DMMP Limited has announced a new Magnum spreader which has joined the Leicestershire-based company’s stable of expert winter machinery. The new spreader is simple to use, maintain and store so will have a positive impact on the way many organisations deal with ice and snow this winter. The Magnum Poly Insert Spreader sits

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Latest Kit Snow blowers.indd 56

attachment is an ideal combination and can make light work of an otherwise labour intensive operation. In addition it is possible for the machine to pull a small self-propelled gritter at the same time, hence completing two jobs with just one pass. Avant machines are perfect for

tackling snow clearance work and they do not have to be parked-up for most of the time waiting for snow to fall as they can be utilised throughout the year for a multitude of other tasks using a choice of nearly 100 attachments. WWW.AVANT.CO.UK

swivel allows the plough to narrow down to 2100mm, permitting access even into the tightest of areas, allowing the operator to move the snow to the left or right. In addition there is the rear mounted, 1600kg gritter with adjustable spread rates to stop ice and snow reforming. WWW.MULTIHOG.COM

chassis provides a quick and easy way of attaching snow ploughs to ATVs and UTVs. For remedial or preventative de-icing, Logic’s range of salt spreaders has been extended with the ground-driven GDS150 model. This 325kg capacity unit uses the same unique delivery system as used in

other larger Logic models, to handle wet rock salt. It can be used over paved areas without damaging the surface and when spreading 10g/m² on footpaths 1.5m wide as a preventative measure could treat more than 20km! WWW.LOGICTODAY.CO.UK

neatly on the back of a threequarter or one ton pick-up and effortlessly deals with spreading salt when ice and snow is expected. The spreader’s unique design has been created to allow easy access and maintenance. It has a capacity of 1.14m³-1.52m³ and has been designed for simplicity of use.

AS-Motor sweepers are very effective in UK conditions, running in contact with the ground and leaving no snow coverage. Angle the brush, either left or right, and they throw the snow well out of the way. Used with the optional snow blade attachment, they blade the snow to either side and the brush sweeps up the remaining thin layer, throwing it in front of the blade ensuring a safe clean walkway. From £1,239, useful all year round, clearing leaves and other debris from hard and artificial playing surfaces. Attachments available.

WWW.DMMP.CO.UK

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22/10/2013 14:12


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and because of this it can be stored for years without gumming up carburettors–just one of the many reasons why more and more users are now enjoying a trouble and TOXIC free work place

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11/10/13

17:41

Page 1

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Quality garden lighting for creative lightscaping 21/10/2013 12:02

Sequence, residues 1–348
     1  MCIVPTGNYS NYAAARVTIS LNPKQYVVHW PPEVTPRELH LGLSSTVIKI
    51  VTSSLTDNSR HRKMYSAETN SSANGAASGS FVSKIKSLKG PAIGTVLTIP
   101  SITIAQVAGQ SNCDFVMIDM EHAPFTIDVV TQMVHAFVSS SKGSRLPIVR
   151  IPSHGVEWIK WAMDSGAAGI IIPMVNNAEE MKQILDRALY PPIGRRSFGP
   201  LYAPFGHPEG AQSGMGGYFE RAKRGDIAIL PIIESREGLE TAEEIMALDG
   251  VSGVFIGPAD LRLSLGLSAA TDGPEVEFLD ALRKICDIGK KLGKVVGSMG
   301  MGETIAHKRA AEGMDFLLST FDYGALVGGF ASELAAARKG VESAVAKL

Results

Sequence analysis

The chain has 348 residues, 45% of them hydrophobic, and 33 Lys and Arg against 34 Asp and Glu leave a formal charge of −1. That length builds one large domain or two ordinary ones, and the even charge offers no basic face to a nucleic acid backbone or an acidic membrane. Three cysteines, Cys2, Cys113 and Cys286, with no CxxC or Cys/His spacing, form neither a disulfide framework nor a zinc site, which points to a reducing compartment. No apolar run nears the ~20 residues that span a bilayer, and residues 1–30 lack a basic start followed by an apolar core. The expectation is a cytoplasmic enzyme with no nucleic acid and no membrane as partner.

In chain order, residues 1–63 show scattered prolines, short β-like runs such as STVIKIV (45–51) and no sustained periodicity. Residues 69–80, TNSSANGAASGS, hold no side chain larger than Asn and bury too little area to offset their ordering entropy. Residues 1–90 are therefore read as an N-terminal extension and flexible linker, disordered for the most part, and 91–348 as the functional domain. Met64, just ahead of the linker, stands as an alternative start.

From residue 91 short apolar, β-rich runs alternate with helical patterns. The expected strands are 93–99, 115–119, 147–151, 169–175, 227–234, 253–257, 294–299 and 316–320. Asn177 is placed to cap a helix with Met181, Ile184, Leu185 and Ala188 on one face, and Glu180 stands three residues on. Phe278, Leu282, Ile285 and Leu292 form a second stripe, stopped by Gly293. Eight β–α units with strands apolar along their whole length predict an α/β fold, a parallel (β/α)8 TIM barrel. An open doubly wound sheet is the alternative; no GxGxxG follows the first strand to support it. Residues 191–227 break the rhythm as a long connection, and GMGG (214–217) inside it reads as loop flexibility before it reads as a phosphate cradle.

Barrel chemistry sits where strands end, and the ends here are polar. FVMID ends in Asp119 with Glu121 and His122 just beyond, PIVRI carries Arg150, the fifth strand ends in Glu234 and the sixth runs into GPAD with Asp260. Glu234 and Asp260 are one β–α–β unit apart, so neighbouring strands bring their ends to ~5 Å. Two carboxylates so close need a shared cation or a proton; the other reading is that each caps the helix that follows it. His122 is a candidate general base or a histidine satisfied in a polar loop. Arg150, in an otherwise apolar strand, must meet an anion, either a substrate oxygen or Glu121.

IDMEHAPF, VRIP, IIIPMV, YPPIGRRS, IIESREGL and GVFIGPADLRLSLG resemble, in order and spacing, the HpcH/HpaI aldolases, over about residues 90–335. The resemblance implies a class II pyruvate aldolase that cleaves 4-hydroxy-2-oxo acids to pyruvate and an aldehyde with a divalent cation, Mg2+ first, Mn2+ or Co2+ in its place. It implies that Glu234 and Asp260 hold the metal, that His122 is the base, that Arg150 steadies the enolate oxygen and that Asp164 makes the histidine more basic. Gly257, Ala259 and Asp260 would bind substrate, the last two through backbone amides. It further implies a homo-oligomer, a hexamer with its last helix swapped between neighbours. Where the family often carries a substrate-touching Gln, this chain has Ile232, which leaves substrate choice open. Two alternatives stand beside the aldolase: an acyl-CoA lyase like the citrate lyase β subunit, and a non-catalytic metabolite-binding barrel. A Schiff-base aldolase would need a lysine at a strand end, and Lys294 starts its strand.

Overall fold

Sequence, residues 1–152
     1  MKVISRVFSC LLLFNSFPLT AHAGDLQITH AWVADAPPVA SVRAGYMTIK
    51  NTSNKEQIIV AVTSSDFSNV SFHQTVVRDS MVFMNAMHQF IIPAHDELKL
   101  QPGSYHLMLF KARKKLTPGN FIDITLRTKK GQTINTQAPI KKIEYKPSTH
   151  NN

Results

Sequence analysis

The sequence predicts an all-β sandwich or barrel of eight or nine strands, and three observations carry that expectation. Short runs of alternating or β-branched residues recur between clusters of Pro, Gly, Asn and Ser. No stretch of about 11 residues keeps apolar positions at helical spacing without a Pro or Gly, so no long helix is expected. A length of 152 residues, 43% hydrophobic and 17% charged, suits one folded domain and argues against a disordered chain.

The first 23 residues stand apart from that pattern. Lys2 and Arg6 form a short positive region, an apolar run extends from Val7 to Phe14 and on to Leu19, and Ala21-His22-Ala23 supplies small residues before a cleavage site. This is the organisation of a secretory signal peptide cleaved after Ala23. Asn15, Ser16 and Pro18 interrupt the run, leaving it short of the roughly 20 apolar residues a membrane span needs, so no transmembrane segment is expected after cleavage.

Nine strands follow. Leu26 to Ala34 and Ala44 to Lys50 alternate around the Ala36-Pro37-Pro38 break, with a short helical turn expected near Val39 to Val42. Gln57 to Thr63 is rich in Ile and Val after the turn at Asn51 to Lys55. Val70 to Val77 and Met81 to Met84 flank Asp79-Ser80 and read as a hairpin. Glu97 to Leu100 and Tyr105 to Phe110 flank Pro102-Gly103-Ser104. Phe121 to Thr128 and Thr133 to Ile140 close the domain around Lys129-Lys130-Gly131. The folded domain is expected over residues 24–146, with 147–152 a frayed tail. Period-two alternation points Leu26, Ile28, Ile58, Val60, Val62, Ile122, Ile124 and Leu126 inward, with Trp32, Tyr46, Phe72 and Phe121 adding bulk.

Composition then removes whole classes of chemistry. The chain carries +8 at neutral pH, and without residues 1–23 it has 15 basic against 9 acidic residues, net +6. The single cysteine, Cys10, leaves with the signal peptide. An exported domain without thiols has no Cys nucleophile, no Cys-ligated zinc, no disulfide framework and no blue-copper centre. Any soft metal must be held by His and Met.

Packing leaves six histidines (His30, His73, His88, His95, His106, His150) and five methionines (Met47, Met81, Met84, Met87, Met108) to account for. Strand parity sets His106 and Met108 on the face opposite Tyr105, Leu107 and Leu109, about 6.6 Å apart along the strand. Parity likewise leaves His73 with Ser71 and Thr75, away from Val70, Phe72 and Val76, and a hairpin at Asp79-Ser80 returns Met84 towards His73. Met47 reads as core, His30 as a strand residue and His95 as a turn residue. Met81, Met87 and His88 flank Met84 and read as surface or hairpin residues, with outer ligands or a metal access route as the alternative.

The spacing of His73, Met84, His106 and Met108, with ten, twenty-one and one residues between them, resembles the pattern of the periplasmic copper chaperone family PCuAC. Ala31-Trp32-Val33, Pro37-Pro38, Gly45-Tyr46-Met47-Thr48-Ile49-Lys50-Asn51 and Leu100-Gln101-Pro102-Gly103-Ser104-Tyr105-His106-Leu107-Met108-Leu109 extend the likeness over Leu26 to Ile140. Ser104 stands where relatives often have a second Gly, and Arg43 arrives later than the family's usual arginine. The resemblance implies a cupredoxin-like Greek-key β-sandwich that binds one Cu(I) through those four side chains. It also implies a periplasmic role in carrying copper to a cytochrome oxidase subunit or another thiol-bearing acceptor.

Latest Kit Equipment

LATEST KIT

Kubota has introduced an updated version of its popular L4100 tractor. The original L4100 was discontinued in 2011, but increased demand has led to the company bringing to the market an updated model. The machine features Kubota’s exceptional 41HP E-TVCS engine and a sleek new cab design whilst the company has invested heavily in developing the L4100’s hydrostatic power steering system to ensure the L4100 is responsive even with heavy loads. WWW.KUBOTA.CO.UK

Cub Cadet’s latest addition to its Zero-Turn range the RZT-S42, which was launched at IOG Saltex 2013

One of the UK’s largest distributors of garden machinery, Henton & Chattell, launched its brand new Cobra range at IOG Saltex 2013. The range includes 18 petrol walk behind lawnmowers including the self-propelled CO1579S-3, which has a robust 22in steel deck and offers seven heights of cut

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The Ransomes HR300 is a highly versatile tractor unit and is most often combined with an out-front rotary deck for maintaining grass verges and open spaces. In this format it comes with a choice of decks with cutting widths of 1.52m with rear discharge or mulching capability, 1.6m side discharge or 1.8m rear discharge.

John Deere’s new PRO 47V walk-behind rotary mower is ideal for smaller landscaping businesses or as an additional machine for contractors. With a 47cm cutting width, the PRO 47V is robust, light,

and is powered by a single cylinder Briggs & Stratton Intek Engine, has the smallest cutting width (42in / 107cm) out of the entire range, plus it has a user-friendly steering wheel

adjustments. It is powered by a Briggs & Stratton 675EX SERIES engine with ReadyStart technology

It is also available with a choice of 1.8m flail heads from Muthing, Wessex and Trimax, providing versatility from a single power unit. And, instead of mothballing the machine during the winter months, it can be fitted with a blade or power brush for clearing snow. WWW.JACOBSEN.COM/EUROPE

easy to operate and highly maneuverable. It can be carried comfortably by one person, while its folding handle and compact size also make it easy to

offering exceptional manoeuvrability. The mower’s 3-in-1 functionality gives users the choice of mulching, discharging or collecting grass cuttings. WWW.CUBCADET.CO.UK

for quick and reliable starting. The mower has a 4-in-1 collection system giving users a choice of collecting, mulching or discharging cutting from either the side or rear of the mower. WWW.HCUK.CO

transport, even in smaller vehicles. Features include a standard AntiVibration System, variablespeed two-wheel drive, a 65-litre rear collector and an optional mulching kit. Cutting height is adjustable from 25-80mm. WWW.DEERE.CO.UK